As to your friend being hard to throw, well, some of that is you're not having the technique right. The devil is in the details; if you have to get A, B, C, and D right to do a technique, and you get A, B, and D, it won't work, or will work poorly. This is just the nature of locking and throwing; I've had the same problem when my Kali classes have discussed Filipno locking, throwing, and grappling. And on top of that, some people are just plain hard to throw. They know how to plant themselves, so if you can move them, it feels like they way a ton. Again, this is something you run into when working in grappling range, and it is to be expected.

As I said before, you shouldn't let anything that happens with your friend discourage you. I've heard more than one instructor say that the best training is what you do OUTSIDE the formal class, as imortant as the regular class is. Keep going to the dojo and learning the art, but keep horsing around with your friend; let that experience shape the things that go in your own bag of tricks.

Happy training.

With Respect ....

Mas Mike
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Old 09-04-2004, 11:45 PM   #4
jgros
Join Date: Sep 2003
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Lightbulb Re: Forgive me if this has been asked before

Hello,

My experience is limited, but I'm procrastinating writing a paper; so I'll try to help out. I'm sorry if i repeat a little bit of what was said before, but this took so long to write that before I knew it there were already a few responses.

Quote:
Bryan Benson wrote:
The first problem is that he would simply not allow any contact that was not advantageous to him. If I tried to grab his wrist, elbow, shoulder, waist, or neck, it didn't matter, he could break the grip easily.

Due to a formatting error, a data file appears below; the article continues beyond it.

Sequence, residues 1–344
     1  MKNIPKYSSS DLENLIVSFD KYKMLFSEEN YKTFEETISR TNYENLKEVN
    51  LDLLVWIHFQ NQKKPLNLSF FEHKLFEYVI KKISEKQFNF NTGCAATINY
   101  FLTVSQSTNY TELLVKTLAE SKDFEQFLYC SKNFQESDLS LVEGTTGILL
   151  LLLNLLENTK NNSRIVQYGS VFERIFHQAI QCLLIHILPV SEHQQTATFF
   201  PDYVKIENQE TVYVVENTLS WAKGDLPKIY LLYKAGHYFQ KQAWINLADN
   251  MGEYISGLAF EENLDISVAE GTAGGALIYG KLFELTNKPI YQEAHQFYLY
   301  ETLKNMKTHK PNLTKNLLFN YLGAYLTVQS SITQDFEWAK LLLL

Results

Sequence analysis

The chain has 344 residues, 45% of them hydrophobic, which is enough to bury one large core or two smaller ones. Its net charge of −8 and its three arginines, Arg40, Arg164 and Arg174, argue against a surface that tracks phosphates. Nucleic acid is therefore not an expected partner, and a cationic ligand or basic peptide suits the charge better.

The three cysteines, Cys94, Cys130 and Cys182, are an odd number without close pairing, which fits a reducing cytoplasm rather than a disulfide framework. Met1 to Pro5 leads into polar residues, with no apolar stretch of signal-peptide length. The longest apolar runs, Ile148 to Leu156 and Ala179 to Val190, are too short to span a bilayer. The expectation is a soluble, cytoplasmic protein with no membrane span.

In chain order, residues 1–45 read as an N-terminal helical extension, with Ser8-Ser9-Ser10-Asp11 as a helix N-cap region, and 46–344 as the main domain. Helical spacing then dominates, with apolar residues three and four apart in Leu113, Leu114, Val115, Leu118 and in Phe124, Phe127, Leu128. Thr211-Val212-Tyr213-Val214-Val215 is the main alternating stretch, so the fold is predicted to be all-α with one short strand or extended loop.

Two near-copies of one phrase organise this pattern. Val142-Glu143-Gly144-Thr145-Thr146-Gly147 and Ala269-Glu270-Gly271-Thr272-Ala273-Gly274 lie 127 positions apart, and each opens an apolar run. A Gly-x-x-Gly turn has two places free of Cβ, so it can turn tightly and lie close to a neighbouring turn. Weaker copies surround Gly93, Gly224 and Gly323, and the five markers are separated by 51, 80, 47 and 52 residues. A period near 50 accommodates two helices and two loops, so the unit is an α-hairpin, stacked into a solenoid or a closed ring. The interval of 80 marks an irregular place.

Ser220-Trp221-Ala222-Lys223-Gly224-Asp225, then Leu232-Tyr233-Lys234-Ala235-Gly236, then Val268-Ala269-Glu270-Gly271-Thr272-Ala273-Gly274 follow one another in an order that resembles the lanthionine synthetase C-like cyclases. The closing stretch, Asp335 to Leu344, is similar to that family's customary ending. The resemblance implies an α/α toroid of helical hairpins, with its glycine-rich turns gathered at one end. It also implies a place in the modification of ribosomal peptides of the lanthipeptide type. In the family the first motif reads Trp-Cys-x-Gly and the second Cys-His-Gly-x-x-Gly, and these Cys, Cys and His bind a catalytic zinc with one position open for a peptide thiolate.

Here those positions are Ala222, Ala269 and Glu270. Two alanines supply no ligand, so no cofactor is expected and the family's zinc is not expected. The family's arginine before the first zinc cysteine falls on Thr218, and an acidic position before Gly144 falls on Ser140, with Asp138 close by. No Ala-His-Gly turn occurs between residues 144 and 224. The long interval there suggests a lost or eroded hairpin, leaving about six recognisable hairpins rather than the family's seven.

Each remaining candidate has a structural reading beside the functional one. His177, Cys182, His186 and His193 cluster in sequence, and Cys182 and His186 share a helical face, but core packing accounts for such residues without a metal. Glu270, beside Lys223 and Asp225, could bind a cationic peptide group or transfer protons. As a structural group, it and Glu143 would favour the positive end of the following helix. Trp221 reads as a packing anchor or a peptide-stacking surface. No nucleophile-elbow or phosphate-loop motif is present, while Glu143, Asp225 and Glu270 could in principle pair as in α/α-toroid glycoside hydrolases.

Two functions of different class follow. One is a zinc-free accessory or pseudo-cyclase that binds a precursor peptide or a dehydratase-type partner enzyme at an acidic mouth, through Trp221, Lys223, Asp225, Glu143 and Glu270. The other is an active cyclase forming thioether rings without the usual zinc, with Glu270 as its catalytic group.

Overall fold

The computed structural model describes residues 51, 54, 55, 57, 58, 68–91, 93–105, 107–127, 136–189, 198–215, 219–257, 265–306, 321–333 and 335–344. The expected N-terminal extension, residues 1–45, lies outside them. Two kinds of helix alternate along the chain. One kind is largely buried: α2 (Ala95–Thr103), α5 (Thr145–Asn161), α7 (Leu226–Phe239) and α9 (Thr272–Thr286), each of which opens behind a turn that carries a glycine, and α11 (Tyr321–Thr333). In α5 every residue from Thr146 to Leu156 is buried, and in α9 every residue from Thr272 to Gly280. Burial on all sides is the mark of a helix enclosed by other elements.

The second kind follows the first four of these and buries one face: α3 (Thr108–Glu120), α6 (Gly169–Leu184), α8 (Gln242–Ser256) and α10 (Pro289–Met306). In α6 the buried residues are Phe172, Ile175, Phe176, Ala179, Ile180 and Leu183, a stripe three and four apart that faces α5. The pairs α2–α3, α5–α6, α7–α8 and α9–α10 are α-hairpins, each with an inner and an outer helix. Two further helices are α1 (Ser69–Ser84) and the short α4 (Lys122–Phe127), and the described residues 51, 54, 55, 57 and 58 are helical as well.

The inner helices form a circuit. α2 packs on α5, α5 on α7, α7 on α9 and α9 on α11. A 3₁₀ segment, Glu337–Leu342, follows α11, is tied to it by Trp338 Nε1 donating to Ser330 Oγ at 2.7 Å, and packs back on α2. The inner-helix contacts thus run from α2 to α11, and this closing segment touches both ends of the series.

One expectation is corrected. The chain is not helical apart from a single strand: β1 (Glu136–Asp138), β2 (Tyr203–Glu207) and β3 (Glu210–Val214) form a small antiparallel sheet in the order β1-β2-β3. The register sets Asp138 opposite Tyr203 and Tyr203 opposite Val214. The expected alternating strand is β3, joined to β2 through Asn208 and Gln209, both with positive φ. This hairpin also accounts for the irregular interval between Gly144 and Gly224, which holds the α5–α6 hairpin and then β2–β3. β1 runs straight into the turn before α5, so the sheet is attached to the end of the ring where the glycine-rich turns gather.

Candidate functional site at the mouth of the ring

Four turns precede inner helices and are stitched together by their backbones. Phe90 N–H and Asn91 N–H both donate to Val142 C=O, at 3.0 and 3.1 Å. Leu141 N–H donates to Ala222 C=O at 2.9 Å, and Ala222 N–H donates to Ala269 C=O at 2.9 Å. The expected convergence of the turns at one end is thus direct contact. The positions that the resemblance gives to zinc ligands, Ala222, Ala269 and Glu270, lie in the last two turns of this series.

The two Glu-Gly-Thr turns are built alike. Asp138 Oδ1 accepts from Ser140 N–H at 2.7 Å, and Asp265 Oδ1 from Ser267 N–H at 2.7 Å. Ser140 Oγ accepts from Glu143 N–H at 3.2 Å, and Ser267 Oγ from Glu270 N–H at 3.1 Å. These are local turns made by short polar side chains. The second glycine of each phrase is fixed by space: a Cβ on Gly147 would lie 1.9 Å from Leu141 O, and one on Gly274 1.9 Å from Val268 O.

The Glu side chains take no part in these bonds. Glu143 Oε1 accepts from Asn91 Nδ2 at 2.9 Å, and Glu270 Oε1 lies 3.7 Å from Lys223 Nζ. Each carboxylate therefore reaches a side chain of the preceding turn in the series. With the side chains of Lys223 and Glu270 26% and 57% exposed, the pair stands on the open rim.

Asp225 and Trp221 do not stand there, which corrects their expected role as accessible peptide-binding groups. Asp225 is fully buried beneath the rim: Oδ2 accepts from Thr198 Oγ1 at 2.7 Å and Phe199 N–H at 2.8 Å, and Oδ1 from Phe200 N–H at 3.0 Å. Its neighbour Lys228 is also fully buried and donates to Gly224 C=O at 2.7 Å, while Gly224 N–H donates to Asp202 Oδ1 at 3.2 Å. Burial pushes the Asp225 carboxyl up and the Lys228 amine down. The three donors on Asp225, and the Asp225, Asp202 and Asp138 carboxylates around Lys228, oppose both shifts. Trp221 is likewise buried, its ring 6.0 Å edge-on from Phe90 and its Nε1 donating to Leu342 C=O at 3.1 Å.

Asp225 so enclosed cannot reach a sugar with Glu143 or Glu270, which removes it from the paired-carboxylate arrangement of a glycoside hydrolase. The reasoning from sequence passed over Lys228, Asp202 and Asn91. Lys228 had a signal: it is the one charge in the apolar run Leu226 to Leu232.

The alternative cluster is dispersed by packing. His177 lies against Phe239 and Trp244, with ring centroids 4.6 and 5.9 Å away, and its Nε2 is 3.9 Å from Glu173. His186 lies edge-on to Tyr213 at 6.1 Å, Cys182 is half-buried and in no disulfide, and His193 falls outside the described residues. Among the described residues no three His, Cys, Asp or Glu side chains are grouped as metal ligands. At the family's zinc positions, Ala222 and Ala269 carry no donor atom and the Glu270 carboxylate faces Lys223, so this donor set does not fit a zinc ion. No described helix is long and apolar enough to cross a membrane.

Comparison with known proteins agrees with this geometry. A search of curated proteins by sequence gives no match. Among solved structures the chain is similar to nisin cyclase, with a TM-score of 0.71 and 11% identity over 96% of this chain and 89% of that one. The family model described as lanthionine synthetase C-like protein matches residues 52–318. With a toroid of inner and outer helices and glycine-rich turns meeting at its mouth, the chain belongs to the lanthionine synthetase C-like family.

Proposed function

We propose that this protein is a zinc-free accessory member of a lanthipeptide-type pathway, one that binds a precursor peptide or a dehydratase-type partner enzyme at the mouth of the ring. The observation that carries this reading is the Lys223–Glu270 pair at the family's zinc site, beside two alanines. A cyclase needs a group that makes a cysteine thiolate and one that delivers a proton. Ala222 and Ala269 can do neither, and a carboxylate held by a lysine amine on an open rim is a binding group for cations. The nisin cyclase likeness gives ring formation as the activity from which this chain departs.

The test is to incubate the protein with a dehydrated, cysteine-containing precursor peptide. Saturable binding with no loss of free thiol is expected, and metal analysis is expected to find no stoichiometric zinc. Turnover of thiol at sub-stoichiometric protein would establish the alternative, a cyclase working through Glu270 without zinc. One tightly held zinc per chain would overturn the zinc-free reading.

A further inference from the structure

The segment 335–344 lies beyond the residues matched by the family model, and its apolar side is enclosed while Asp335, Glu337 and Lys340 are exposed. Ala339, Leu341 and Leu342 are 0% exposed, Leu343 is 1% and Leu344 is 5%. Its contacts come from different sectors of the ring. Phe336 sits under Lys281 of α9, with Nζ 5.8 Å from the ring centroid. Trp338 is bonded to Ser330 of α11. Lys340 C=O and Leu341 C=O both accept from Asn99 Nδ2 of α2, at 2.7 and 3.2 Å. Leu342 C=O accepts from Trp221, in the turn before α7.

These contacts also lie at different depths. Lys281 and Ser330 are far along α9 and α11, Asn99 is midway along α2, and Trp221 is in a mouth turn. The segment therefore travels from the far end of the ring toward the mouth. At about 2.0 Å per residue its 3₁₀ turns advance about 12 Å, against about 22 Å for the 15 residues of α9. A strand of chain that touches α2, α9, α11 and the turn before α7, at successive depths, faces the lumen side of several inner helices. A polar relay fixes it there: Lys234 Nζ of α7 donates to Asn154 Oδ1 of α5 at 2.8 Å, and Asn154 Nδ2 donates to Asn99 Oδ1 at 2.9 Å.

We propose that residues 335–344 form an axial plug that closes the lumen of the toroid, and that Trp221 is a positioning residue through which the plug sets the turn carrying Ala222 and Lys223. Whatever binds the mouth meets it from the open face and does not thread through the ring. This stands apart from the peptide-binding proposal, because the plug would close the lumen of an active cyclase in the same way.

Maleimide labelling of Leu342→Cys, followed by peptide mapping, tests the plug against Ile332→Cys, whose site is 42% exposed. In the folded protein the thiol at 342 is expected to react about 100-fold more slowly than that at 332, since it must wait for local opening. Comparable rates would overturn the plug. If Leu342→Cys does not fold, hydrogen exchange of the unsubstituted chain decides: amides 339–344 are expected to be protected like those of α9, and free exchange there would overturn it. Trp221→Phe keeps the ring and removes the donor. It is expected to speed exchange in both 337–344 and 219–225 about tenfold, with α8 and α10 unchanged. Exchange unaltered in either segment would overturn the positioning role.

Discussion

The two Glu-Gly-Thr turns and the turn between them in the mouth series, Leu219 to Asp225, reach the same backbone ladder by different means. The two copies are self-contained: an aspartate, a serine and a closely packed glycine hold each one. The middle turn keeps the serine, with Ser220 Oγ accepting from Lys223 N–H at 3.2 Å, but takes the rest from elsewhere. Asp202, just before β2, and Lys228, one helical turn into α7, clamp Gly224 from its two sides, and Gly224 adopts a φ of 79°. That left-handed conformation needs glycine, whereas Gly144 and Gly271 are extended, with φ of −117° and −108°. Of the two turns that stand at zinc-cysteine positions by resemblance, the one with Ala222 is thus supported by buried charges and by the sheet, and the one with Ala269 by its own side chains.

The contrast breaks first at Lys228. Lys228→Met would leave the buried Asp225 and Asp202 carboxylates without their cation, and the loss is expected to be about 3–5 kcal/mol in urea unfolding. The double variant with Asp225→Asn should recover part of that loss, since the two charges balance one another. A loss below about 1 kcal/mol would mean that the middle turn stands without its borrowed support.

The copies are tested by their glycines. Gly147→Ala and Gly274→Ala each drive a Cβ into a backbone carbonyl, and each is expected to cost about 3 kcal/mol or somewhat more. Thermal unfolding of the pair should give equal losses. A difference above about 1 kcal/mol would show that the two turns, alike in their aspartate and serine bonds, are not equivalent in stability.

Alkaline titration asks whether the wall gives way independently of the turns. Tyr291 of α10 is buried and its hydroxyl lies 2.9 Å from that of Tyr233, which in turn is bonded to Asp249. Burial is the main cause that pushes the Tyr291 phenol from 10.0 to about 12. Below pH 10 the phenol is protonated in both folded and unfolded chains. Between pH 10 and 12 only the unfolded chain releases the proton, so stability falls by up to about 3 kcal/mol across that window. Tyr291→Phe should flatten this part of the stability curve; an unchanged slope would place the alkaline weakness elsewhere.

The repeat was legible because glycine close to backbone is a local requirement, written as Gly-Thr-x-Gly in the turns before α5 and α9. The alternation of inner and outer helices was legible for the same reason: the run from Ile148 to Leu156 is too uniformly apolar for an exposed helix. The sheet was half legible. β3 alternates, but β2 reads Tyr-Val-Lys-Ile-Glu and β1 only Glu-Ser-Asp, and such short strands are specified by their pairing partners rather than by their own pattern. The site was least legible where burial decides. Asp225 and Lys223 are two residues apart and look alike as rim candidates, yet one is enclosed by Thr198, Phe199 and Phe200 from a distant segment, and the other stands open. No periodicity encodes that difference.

I think his Aikido is pretty good. He is being a good uke. After the attack if you start to do something disadvantageous to him, he escapes. Good nage too, since whatever you tried to do to him, that was again disadvantageous, he wouldn't stand for.

Quote:
Bryan Benson wrote:
He would grab me, but of course the instant I used that to my advantage he would simply let go and the whole process would begin again.
Now he is being a bad uke. If he attacked someone very experienced in Aikido, no/little physical contact would occur (i.e. he either doesn't grab you, or he did grab you, but your wrist is the only body part still in the original spot, like tenkan). At this point, the nage's defense would happen during the opening that the uke created by attacking, therefore being too quick to escape or counter.

Even if you cannot respond lightning fast, it still is not a safe option for uke to let go. If he keeps the connection to your center by going with your technique, he can take a good fall and if you are nice he can still walk. If he lets go or does an incorrect attack, this is what we call "no practice". Meaning that either he has at worst just opened himself up for a quick atemi/deathblow , or at best created a stalemate situation in which you seperate. At this point he may try to attack again or not, but if he does, you'll be ready.

Another possibility is you are not taking his center correctly. This depends on the technique you are doing however.